U.S. Politics and Public Policy

What the Media and Team Clinton Fail to Understand About Sanders’ “Some Days” Critique of Clinton’s Progressive Credentials. Why One Reporter’s Tweet Bolsters His Point. And Why That Explains Sanders’ Rise.

So much has been made about the latest kerfuffle regarding Sen. Bernie Sanders’ criticism against former Secretary of State Hillary Clinton last week that questioned her progressive bona fides. And much of the framing of it—by those in the media and inside Team Clinton’s camp—accuse Sen. Sanders of engaging in progressive purism as a supposedly self-appointed gatekeeper of what constitutes progressivism. However, when one listens to Sanders’ criticisms toward Clinton as well as gauge the pulse of the driving zeitgeist in the Democratic Party this year, one of the most glaring dynamics pulsating throughout the primary fight is the grassroots…

Why Looking at the Numbers Behind Canadian Prime Minister Justin Trudeau’s Recent Win Bodes Well for Bernie Sanders’ Presidential Run

At the Canadian magazine Maclean’s, its Ottawa bureau chief John Geddes penned an insightful article unpacking the recent Canadian federal election by the numbers. Digging deep into the data, Geddes discovered a crucial factor that contributed to Prime Minister Justin Trudeau and the Liberal Party‘s victory on October 19. That factor was Trudeau and his party’s ability to expand the electorate.  Geddes points out several crucial statistics that highlight the magnitude of Trudeau and the Liberals’ successful efforts in expanding the Canadian electorate that led to their landslide victory this fall (emphases and italics added): The total number of Canadians who voted on Oct.…

Bernie Sanders’ First TV Ad Campaign: Its “Conviction Politician” Theme and Why It Matters

This past Sunday, the presidential campaign of U.S. Sen. Bernie Sanders announced that it would be airing its first ads in Iowa and New Hampshire starting this Tuesday (to a tune of around $2 million). Its inaugural ad is called “Real Change.” Now, the $2 million political advertising blitz by the Sanders presidential campaign is effective on several fronts. The ads are effective insofar that they spotlight his biography (a compelling introduction of “who” Sanders is to voters in Iowa and New Hampshire who may be unfamiliar with him); highlight his executive and legislative accomplishments as both mayor of Burlington, Vermont and…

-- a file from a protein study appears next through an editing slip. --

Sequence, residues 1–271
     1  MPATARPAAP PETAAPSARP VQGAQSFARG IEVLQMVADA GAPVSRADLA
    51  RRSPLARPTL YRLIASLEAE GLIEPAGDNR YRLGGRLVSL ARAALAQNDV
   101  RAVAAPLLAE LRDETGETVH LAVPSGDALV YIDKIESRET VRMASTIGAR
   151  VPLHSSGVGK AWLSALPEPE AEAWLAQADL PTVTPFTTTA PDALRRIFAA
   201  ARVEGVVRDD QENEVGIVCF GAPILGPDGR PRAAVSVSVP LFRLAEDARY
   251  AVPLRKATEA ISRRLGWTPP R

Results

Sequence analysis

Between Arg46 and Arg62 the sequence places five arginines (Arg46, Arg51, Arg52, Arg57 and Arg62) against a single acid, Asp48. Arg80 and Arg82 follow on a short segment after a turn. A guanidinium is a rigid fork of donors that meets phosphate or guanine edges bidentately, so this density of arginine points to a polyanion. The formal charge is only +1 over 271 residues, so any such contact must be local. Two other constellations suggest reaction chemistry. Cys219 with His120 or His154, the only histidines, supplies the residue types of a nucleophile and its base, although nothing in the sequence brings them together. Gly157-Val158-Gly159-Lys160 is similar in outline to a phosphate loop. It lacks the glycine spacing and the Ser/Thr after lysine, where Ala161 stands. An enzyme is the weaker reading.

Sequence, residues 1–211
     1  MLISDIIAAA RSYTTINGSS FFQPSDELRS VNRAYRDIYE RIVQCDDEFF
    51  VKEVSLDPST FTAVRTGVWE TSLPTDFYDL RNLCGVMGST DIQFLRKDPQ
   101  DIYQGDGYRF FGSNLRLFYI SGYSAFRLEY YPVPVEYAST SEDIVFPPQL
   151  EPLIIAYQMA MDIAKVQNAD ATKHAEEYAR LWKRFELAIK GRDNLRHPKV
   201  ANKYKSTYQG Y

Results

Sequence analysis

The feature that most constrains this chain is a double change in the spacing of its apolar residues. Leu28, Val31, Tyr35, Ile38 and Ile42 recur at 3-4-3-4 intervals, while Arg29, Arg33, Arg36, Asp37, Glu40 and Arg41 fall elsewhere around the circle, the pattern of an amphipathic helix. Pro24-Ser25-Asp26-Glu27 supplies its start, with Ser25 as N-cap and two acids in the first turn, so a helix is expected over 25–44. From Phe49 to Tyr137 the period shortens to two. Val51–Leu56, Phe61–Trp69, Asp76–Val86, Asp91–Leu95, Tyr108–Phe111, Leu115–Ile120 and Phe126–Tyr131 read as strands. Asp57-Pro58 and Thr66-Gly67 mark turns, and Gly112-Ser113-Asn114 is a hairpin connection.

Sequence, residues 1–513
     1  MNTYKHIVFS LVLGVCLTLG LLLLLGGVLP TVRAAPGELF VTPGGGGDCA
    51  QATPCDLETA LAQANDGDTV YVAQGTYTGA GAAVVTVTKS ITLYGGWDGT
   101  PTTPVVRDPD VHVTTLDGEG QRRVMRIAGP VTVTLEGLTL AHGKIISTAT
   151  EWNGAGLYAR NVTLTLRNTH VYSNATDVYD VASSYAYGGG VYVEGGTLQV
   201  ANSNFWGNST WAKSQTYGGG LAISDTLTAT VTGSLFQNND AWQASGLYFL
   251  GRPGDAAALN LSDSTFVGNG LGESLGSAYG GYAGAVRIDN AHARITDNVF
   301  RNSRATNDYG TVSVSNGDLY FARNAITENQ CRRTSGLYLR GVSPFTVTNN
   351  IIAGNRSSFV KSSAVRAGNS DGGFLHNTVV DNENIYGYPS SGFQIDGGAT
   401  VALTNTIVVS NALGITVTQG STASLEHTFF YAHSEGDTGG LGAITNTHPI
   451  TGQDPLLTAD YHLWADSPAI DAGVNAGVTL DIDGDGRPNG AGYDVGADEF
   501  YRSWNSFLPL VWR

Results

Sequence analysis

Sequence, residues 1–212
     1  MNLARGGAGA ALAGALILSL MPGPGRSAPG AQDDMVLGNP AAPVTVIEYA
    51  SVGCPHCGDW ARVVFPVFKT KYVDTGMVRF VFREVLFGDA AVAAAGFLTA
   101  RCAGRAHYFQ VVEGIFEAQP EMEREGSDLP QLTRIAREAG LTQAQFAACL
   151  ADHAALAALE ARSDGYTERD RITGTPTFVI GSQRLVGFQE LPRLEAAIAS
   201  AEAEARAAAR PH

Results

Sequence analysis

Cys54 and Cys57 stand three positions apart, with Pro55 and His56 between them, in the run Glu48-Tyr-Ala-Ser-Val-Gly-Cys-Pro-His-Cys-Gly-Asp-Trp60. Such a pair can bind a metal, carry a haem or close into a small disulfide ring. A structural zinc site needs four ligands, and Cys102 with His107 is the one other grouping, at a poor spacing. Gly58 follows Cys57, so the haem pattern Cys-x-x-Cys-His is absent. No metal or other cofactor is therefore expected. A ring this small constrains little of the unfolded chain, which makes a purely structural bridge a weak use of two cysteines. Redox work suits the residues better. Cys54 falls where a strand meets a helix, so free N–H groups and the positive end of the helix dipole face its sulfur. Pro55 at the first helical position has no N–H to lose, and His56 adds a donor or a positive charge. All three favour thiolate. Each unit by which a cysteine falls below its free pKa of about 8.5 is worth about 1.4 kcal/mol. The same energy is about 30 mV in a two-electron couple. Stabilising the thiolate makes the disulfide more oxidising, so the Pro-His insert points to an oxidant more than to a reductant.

Clinton and Sanders: Two Theories of Change—And Why Both Will Be Critical for Post-Obama Liberalism in an Era of Conservative Hyper-Obstruction

If there’s one big takeaway from the Democratic debate last week is that the two leading candidates to be the party’s presidential standard-bearer in 2016, former Secretary of State Hillary Clinton and Vermont Sen. Bernie Sanders, spent a dearth of time in outlining an effective pathway for progressive governance in the face of GOP hyper-obstruction. Now, the reasons for this glaring inadequacy, on the part of both candidates, on how they would practically solve the right-wing obstructionism gripping the Beltway to get effective governance—let alone liberal reforms—”moving again” are myriad. The reasons include the format of the debate, the scope of the moderator’s…

Why the Battle Over SEIU’s Possible Endorsement of Hillary Clinton is Emblematic of the Dire Challenges Facing Unions in the Democratic Party

Recently, Politico reported that Bernie Sanders supporters, within the SEIU, petitioned their union’s international executive board to hold off in endorsing any candidate for they fear the board might come out for Hillary Clinton. On its surface, this story would be just another news item of the jockeying between pro-Sanders and pro-Clinton supporters, within a union, as to which candidate received its prize endorsement during this primary season. However, the Politico report is more than that. The news item chronicles a situation representing an emblematic challenge facing the broader trade union movement itself. Specifically, how does the labor movement flex its political…

The Bernie Sanders Campaign’s Handling of Diversity Outreach Could Cost Sanders the Democratic Presidential Primary Nomination